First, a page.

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Apple may still own the smartphone throne in the U.S., but even with 48 million iPhones sold last quarter, Samsung continues to dominate the worldwide market. In Q3 2015, the South Korean company shipped more smartphones than any other company. In fact, Samsung out-shipped the next two smartphone makers, Apple and Huawei, combined.

Smartphone vendors shipped a total of 355.2 million smartphones worldwide last quarter. Not only is this figure up 6.8 percent from the 332.6 million units in Q3 2015, it’s the second highest quarterly total on record. The latest quarterly figures come from IDC, which summarized its findings in the following chart:


As you can see above, Samsung’s market share actually decreased by 0.1 percentage points (from 23.9 percent to 23.8 percent), despite shipping more smartphones (84.5 million). That’s more than a fifth of the market, though just a few years ago Samsung controlled one third.

During the quarter, Samsung remained focused on premium handsets with the launch of the Galaxy S6 edge+ and the Galaxy Note 5. Also, sub-$200 devices drove a majority of shipments in many key emerging markets.

Apple managed to gain 1.7 points (to 13.5 percent), largely thanks to selling 13 million iPhone 6s and iPhone 6s Plus units in the first weekend. The larger screens of the iPhone 6s and iPhone 6s Plus helped, as did price cuts for older iPhone 5S, iPhone 6, and iPhone 6 Plus models, according to IDC.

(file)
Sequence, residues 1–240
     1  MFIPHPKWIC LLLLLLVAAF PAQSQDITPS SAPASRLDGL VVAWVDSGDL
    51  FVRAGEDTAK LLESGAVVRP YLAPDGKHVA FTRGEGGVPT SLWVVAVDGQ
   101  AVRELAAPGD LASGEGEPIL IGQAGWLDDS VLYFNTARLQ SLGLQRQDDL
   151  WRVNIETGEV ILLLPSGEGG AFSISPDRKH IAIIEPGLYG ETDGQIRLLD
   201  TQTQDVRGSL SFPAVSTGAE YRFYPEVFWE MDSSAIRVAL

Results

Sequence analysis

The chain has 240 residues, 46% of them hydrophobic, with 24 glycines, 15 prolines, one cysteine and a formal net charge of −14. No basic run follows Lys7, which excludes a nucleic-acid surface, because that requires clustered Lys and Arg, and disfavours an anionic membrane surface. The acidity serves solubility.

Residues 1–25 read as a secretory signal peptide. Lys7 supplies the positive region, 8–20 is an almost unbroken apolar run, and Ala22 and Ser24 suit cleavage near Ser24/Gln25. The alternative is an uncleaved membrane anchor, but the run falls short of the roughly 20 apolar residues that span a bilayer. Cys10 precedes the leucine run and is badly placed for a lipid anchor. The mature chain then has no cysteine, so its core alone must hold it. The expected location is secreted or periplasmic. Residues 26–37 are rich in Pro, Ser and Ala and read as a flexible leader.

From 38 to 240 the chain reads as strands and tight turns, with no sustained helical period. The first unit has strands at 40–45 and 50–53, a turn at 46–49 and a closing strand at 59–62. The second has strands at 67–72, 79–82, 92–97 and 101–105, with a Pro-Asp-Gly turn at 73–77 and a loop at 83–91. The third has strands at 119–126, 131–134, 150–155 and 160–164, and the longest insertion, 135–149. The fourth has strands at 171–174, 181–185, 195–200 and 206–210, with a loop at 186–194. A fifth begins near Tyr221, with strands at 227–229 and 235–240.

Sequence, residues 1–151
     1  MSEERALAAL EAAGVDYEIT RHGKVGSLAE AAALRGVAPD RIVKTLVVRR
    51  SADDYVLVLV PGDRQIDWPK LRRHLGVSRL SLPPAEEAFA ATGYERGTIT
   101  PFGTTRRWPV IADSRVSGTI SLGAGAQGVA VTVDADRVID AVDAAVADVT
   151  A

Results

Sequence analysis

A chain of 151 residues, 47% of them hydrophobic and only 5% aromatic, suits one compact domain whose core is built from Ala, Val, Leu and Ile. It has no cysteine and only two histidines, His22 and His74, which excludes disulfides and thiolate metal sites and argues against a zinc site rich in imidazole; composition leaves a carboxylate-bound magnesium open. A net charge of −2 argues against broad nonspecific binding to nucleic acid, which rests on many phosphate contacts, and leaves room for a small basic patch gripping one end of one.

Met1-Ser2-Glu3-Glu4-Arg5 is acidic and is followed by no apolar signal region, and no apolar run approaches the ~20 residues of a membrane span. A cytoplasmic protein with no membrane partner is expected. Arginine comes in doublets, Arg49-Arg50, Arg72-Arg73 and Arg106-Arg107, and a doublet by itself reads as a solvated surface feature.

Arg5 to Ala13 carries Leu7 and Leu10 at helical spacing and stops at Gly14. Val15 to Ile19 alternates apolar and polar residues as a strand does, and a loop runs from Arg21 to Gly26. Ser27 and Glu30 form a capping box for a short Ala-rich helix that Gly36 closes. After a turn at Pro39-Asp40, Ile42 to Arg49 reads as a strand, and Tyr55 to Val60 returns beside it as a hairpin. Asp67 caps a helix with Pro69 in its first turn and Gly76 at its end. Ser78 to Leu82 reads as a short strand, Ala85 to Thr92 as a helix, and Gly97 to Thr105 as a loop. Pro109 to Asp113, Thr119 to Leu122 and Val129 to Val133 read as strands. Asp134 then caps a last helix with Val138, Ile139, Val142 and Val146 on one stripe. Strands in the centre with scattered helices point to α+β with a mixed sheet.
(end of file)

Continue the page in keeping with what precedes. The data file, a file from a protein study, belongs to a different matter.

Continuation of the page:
Huawei grabbed another 2.5 points (to 7.5 percent), Lenovo gained 0.2 points (to 5.3 percent), and Xiaomi stayed flat at 5.2 percent. While the Android and iOS duopoly doesn’t look like it’s going away anytime soon, the Samsung-Apple duopoly is slowly eroding.

The Chinese trio accounted for 18 percent of the pie. Once again, that’s more than Apple, and very close to Samsung. Last year, their combined share was still well behind Apple. Everyone will be looking to Q4 2015 to see whether Samsung and Apple can maintain their positions.

“The third quarter placed a substantial emphasis on flagship devices as vendors tried to outclass each other in both features and design,” IDC research manager Anthony Scarsella said in a statement. “New flagship models translated to fiercer competition at the high-end for most players as many will try to challenge both Samsung and Apple for a place among the elite. However, despite the glitz and glamour at the high-end, we still expect the bulk of volume and growth to once again sprout from low to mid-range handsets, particularly in emerging markets.”

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